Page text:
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I have a question about the uniqueness, up to scale factor, of the Killing form on a Lie algebra $\mathfrak{g}$. I know that it is defined as $$B(X,Y)=\operatorname{tr}(\operatorname{ad}_X\circ \operatorname{ad}_Y),$$ for every $X,Y\in\mathfrak{g}$. It is known that, if $\mathfrak{g}$ is a simple Lie algebra, any bilinear, symmetric non-degenerate quadratic form which is $\operatorname{ad}$-invariant equals $B$, up to multiplications for a constant. Now, we know that the Lie algebra $\mathfrak{o}(n)$ of the orthogonal group $O(n)$ is simple if $n\neq 4$ and $$\mathfrak{o}(4)\cong\mathfrak{o}(3)\oplus\mathfrak{o}(3),$$ i.e. $\mathfrak{o}(4)$ is semisimple.

In the case $n=4$, what can we say about the Killing form? Is it the unique quadratic form as above, up to multiplications for a constant, although $\mathfrak{o}(4)$ is not simple?

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    $\begingroup$ The Killing form is a unique multiple of the trace form for all orthogonal Lie algebras, yes. But there is no longer only a unique non degenerate ad-invariant quadratic form on $\mathfrak{so}(4)$. $\endgroup$ – Dietrich Burde Aug 11 at 15:12
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Let $\mathfrak g$ be a semisimple Lie algebra with $\mathfrak g \simeq \bigoplus_{i=1}^n \mathfrak g_i$ and the $\mathfrak g_i$ simple.

Check that for any ad-invariant bilinear form on this, the $\mathfrak g_i$ are pairwise orthogonal (I used that simple Lie algebras are perfect for this, maybe there's an easier proof). So for such a form to be non-degenerate, it has to restrict to something non-degenerate on each $\mathfrak g_i$. Hence the restriction to each $\mathfrak g_i$ is a scaled version of the respective Killing form.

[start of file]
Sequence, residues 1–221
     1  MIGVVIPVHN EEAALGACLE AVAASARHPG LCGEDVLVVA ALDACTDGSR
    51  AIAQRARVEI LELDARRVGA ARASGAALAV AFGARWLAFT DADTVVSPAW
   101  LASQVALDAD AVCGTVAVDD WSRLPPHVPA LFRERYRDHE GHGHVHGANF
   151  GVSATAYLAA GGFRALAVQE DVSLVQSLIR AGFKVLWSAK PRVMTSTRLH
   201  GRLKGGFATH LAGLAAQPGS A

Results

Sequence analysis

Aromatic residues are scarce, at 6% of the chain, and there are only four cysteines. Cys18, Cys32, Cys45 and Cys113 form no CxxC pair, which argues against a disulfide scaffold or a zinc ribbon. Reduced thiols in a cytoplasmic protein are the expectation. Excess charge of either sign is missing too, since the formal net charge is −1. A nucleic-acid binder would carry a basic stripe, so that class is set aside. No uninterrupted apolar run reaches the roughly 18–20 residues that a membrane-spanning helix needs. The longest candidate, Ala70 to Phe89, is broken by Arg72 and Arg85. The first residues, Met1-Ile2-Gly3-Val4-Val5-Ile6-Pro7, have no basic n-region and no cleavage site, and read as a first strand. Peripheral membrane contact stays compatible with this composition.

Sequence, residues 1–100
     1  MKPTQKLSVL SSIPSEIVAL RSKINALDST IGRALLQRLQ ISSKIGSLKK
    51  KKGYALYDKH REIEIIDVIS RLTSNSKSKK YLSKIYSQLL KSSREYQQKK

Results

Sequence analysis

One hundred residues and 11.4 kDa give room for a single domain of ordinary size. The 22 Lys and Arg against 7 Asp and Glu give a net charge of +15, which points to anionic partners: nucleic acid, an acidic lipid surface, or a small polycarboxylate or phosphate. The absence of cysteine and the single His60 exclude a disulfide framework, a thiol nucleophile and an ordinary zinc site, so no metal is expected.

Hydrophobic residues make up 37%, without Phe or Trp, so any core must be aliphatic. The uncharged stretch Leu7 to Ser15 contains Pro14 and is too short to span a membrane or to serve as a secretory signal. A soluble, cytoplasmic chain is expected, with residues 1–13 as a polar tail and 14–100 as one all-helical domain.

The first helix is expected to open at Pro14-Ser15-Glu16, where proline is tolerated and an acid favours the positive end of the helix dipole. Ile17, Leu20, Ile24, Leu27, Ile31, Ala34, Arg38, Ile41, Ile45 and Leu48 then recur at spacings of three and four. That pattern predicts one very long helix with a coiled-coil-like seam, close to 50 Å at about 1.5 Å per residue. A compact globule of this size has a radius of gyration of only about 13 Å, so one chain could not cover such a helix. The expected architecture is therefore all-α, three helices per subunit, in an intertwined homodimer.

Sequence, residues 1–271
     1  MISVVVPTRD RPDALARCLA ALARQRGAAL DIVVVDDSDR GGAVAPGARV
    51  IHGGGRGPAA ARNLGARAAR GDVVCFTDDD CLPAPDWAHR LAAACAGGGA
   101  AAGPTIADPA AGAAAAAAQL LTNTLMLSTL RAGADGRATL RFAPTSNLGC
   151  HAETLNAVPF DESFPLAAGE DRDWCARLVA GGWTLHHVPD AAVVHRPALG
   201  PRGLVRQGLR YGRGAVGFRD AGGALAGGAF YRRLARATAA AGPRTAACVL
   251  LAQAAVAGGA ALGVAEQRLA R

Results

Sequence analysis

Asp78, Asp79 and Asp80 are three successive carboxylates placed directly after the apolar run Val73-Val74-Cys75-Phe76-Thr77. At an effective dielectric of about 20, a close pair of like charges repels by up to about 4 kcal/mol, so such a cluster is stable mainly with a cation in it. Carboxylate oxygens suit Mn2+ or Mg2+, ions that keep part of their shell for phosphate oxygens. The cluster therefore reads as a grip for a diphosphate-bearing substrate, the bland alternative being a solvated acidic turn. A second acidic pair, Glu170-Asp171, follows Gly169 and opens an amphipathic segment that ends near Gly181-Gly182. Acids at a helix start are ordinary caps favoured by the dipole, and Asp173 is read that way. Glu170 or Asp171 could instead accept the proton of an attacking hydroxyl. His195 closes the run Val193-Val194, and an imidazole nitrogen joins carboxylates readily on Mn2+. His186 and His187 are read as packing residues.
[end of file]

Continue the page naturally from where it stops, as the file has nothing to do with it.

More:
However, you can scale with different constants $c_i \neq 0$ on each summand!

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  • $\begingroup$ Perfect, thank you! So, in particular, this implies that there is no unique $\operatorname{Ad}(O(4))$-invariant inner product on $\mathfrak{o(4)}$, doesn't it? $\endgroup$ – Lukath Aug 11 at 21:29
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    $\begingroup$ Well yes, and it's not even unique up to scaling. It is unique up to (possibly different) scaling on each of those two summands though. $\endgroup$ – Torsten Schoeneberg Aug 11 at 22:55

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